The present invention is directed to a system, method, and process of delivering criteria-based audio messages from a remote data center database over a wireless link. The information delivered can be in the form of a short audio clip that is crafted carefully to give the desired effect on the vehicle driver. The messages are designed to be non-intrusive with a strong personality associated with the voices contained in the recordings. Such highly personified human recordings are triggered (initiated) based on one or a combination of different criteria including, but not limited to time, vehicle location, an event, a condition, a mood-influencing intent, a tourist attraction, or service reminders. An automated voice system located at the remote data center generates the audio messages.
A significant aspect of the invention disclosed here is that, in the audio domain, a service example can be more effective than a service description. After hearing a service example, people think of numerous other ways they could use the service. Analogous use cases are imagined in the driver's mind. The persona alone can influence mood. For example, imagine hearing a service demonstration portrayed by a combination of a male agent speaking to a female driver in a highly staged fashion. The service examples involve professional actors with voice characteristics that qualify them to be recording artists, which combines with the ability to speak quickly, clearly, and in a way that matches the goal of the scenario being acted out. The style of prompting used to describe a service is different from the style of prompting when acting out service example scenarios. For service examples, it is easier and more appropriate to exaggerate behavior, rather than remain somewhat monotonous, as is the case with service descriptions. Finally, the inventor's testing with human subjects clearly indicates that service examples, as described here, are far more effective than service descriptions in the context of influencing mood to buy while driving.
Flexibility is critical to delivering effective, up-to-date audio messages to vehicle drivers. All of the message recordings are conducted outside of the vehicle, typically at professional recording studios. The recordings are edited and concatenated in ways that enhance the affect on the driver and minimize driver distraction. For example, the messages should be short and to the point (less than 15 seconds, depending on the intent and scenario). In some cases, the driver requests to hear a service example (e.g., an acted out interaction between an agent and a driver) and, through a voice interface, the driver can elect to hear more or to stop the message at anytime.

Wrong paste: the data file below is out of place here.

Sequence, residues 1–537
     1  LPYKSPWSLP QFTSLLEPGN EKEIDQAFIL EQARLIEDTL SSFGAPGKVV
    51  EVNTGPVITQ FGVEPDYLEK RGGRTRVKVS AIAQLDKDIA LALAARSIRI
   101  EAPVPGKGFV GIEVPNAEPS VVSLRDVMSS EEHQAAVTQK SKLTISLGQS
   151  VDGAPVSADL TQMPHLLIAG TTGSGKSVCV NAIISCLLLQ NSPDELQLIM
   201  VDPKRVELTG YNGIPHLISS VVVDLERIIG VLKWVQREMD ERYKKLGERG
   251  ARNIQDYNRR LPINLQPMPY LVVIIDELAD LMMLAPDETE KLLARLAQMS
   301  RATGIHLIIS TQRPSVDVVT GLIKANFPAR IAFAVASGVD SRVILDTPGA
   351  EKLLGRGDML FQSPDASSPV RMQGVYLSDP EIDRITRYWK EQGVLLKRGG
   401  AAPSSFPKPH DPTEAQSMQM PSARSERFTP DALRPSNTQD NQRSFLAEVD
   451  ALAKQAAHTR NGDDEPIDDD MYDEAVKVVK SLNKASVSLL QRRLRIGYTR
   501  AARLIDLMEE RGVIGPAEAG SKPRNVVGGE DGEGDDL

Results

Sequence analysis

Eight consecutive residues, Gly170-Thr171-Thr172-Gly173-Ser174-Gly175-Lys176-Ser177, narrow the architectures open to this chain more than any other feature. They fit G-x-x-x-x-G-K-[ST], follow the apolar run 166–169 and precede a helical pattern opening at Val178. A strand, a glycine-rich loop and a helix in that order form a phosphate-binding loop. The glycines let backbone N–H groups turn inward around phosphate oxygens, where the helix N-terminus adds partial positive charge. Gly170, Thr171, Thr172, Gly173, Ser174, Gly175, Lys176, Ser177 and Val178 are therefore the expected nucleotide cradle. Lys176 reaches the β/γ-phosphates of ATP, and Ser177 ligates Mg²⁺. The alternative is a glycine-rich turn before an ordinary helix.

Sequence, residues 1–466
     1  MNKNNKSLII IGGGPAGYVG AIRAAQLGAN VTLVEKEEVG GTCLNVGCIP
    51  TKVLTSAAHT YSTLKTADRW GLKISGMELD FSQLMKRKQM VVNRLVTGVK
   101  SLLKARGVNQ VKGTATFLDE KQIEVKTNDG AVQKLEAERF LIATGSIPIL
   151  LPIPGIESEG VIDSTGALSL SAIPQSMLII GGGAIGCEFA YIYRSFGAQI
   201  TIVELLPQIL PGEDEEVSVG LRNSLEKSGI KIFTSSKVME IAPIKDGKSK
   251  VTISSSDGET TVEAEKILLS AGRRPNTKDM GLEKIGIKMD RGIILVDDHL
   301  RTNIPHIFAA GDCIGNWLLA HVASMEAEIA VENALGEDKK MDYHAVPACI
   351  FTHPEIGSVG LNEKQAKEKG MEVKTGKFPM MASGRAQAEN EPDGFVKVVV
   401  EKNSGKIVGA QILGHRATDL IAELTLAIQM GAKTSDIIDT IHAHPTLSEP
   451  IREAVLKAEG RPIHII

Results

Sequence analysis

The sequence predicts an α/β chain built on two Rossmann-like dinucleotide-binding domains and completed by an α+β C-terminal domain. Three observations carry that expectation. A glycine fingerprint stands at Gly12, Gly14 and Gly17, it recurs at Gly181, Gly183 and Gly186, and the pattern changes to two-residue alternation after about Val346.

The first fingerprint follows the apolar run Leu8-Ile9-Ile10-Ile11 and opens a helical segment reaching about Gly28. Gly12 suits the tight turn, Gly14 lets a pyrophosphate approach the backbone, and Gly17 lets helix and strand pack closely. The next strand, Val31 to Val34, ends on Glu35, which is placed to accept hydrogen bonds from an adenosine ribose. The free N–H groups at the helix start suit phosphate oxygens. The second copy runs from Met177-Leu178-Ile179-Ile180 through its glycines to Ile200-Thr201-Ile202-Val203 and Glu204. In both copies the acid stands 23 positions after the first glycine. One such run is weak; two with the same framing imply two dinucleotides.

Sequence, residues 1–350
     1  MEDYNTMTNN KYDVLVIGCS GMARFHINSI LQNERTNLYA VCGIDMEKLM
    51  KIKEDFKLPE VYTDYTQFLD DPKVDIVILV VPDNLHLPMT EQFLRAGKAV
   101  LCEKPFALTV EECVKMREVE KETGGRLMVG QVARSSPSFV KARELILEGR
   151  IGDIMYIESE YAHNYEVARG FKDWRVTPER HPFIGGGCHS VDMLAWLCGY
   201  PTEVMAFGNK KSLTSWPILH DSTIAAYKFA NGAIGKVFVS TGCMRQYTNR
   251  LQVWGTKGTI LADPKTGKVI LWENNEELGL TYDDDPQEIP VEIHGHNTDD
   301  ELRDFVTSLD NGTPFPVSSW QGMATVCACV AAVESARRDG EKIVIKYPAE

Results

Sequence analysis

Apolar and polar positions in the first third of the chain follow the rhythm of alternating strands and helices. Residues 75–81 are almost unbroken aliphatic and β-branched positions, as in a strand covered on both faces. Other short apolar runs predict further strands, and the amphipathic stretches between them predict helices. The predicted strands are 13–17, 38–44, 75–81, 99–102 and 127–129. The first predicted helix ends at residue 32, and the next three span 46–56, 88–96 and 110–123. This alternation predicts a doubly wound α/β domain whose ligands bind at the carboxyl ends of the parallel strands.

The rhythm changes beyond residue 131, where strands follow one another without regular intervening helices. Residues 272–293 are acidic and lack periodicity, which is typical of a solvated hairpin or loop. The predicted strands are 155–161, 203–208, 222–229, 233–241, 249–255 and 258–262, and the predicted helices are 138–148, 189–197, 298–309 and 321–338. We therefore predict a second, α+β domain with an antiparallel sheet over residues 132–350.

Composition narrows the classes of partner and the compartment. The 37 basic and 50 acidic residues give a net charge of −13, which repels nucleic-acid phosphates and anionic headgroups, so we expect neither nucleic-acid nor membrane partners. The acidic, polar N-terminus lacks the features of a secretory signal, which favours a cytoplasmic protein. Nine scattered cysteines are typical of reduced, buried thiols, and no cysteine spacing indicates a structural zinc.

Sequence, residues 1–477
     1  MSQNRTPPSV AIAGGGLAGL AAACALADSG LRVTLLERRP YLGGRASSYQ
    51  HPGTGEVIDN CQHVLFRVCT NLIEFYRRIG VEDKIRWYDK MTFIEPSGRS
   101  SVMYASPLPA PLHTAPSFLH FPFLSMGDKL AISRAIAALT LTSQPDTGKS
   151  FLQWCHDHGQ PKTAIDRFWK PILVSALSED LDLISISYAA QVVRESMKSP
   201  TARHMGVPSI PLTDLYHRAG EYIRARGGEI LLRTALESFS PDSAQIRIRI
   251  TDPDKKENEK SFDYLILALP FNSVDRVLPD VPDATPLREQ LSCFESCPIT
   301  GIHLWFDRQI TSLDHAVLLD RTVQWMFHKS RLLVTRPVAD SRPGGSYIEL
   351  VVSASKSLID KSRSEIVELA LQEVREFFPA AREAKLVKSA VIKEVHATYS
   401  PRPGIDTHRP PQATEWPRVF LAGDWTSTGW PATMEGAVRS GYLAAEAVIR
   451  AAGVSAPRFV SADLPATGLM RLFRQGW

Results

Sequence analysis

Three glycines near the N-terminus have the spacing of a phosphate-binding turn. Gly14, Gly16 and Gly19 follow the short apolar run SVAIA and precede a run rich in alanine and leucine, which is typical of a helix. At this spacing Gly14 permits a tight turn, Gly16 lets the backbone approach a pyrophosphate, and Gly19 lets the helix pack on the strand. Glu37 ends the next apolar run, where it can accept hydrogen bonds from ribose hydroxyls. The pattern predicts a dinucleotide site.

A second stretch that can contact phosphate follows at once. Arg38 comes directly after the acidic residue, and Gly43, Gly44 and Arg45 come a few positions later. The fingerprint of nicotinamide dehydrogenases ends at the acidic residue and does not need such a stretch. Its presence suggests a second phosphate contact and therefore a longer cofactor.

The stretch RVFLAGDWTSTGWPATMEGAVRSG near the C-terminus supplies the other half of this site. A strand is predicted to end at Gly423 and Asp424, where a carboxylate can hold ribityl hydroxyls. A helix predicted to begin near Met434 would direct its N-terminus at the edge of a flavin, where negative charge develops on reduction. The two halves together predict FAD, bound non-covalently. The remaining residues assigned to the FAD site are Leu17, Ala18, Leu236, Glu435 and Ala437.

It would be a significant advancement in the art to implement an automatic voice recognition system at a remote data center that would deliver audio messages from an off-board database over a wireless link to the vehicle driver in a hands-free environment. The primary advantages of the remote data center of the invention are flexibility and cost effectiveness. Because the platform is off-board, the application and message content can easily be modified without changing any in-vehicle hardware, or software. In terms of cost, server-based voice recognition resources can be shared across a large spectrum of different vehicles. For example, each channel of server-based voice-automation system could accommodate several vehicles simultaneously.
Locating the automated voice system at the remote data center provides substantial advantages over an embedded system inside the vehicle. The advantages include:
- Increased operational flexibility and control from the call center;
- Increased efficiency, since content can be added or modified with centralized hardware and/or software;
- Improved scalability, since computer resources are shared across a large number of vehicles;
- Usability improvement, to the extent that calls from the vehicles can be monitored and improvements made at the centralized location, rather than in the vehicles;
- A “thin” client can be located in the vehicle using standard telematics control units, rather than a specialized on-board computer; and
- The ability to connect a vehicle driver to a human agent that is able to activate a new service specific to the vehicle.
Wireless delivery of audio messages can also help automobile manufacturers and dealerships promote a vehicle's value-added features that often go unnoticed and unused by its owner. Because of the off-board implementation, content can be modified to highlight features the automobile manufacturer would like to promote. For that matter, recall notification could be managed efficiently through criteria related to remote diagnostics of the vehicle provided through telematics.